Martin speaks about his war experiences in a way some veterans will not, said Barry Tiffany, township administrator. Some veterans want to put the war behind them, but Martin shares his experiences, he said.
“I admire his ability to do that,” Tiffany said.
One of the first soldiers in Normandy
Pfc. “Pee Wee” Martin — he earned his nickname by being the lightest soldier in his regiment — parachuted into Normandy after midnight on June 6 with the 101st’s 506th parachute infantry regiment, 3rd battalion, Company G, making him one of the first Allied soldiers to step foot in France in the D-Day invasion. His unit’s mission was to take and hold a pair of newly built bridges to prevent Germans from reinforcing troops on Utah Beach.
Unfortunately, communication equipment was lost on the jump, and communication was initially impossible. Division officers thought the paratroopers had been killed, Martin said. On the third day, division ordered the bridges bombed.
“When they ordered those planes to come over, we were still there,” Martin said.
One soldier was killed in the resulting “friendly fire.”
“Friendly fire happened everyday over there,” Martin said. “No one thought a thing about it.”
He moved on to other missions. In his battalion there were 535 men when he first jumped. In 33 days, 75 men were captured and 93 killed, he said.
Battle of the Bulge
He took part in the ill-fated Operation Market Garden, an Allied attempt to go north around the German Siegfried Line. Supply problems, bad weather and surprisingly stiff resistance conspired to delay and endanger Allied troops.
Martin’s unit was in place for days, unable to move in daylight, “doing nothing,” he said.
“Compared to Normandy, it was nuts,” Martin said of Market Garden. “It was bad.”
He called fighting in Normandy overall “savage and barbaric,” pitting relatively fresh but inexperienced Allied paratroopers against battle-hardened Axis troops. There was an expectation that Germans “would kill all the prisoners,” making fighting all the more urgent, Martin said.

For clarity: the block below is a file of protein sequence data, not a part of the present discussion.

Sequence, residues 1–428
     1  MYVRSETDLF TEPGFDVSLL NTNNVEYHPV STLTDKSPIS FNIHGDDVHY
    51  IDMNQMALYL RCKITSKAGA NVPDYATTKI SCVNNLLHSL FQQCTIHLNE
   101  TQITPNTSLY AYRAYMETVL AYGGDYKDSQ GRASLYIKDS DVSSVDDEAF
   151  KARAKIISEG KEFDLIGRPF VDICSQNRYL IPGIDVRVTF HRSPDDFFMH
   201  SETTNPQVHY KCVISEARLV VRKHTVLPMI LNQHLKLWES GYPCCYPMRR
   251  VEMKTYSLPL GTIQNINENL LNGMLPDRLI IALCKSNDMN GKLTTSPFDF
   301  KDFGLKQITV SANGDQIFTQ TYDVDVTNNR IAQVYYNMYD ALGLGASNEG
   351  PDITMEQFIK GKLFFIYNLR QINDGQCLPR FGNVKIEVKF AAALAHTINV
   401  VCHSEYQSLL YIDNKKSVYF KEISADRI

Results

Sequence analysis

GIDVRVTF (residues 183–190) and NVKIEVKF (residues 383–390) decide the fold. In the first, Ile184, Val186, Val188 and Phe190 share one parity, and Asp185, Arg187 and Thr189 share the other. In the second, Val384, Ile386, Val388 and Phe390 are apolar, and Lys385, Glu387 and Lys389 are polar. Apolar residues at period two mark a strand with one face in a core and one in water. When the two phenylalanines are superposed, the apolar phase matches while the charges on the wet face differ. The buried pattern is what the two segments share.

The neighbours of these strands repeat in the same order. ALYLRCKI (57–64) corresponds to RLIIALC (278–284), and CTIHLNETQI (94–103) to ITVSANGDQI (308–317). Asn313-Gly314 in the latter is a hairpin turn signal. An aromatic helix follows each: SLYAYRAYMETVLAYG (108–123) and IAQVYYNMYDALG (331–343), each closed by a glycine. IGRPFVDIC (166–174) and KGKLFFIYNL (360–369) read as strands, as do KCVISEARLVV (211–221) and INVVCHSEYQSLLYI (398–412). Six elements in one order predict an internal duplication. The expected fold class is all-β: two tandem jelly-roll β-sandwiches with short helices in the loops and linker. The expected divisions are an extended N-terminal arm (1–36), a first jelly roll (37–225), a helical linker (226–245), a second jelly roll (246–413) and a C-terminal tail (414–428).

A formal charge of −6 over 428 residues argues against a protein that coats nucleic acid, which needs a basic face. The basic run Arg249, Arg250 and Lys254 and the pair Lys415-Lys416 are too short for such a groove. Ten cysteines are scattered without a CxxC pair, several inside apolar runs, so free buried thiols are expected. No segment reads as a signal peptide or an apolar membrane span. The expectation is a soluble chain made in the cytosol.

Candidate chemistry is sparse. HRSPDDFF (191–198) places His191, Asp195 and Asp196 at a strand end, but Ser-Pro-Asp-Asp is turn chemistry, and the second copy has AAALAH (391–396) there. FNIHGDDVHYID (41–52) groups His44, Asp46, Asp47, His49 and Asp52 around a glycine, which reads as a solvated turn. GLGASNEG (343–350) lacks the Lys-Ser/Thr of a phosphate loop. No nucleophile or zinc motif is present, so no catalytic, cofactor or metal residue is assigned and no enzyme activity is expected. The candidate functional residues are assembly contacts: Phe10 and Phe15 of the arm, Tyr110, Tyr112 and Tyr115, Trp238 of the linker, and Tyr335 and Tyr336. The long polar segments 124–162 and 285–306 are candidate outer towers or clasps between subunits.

He was present at another crucial moment, the Germans’ last-ditch bid to push to the English Channel, in what came to be popularly known as the Battle of the Bulge.
In the days before the December 1944 battle, Martin said he and his fellow soldiers had turned in most of their weapons in preparation for returning to the United States and perhaps, from there, to the Pacific.
Fighting for the ‘last man’
Then the Germans broke through along an 80-mile front in the Ardennes Forest.
“At about four o’clock in the morning, 4:30, our sergeant came in and said, ‘Get up, there’s been a breakthrough, we’re going on a mission,” Martin recalled.
Martin said he told him: “We’re not going anyplace. We don’t have any weapons.”
He soon found himself in the icy fog around the Belgian town of Bastogne, facing a German siege, with Americans outnumbered five to one. Christmas dinner was “lemon powder and snow,” he said.
“We were told to stay there to the last man,” Martin said.
Tiffany has known Martin for nine years.
He said Martin has been an active participant in local government for nearly all life. For years, he has attended nearly every trustee meeting, Tiffany said. Indeed, a look at meeting minutes online shows Martin’s name appearing again and again.
“He’s always vocal in a very good way,” he said. “He participates. He doesn’t just sit idly by, and that seems to be the way he lived his life.”
Martin says he has been privileged to know “people in high places” — generals, French military officials and many others. He appreciates the attention.
“The things and the places don’t impress me,” he said. “What impresses me, what I like, are the people that I know.”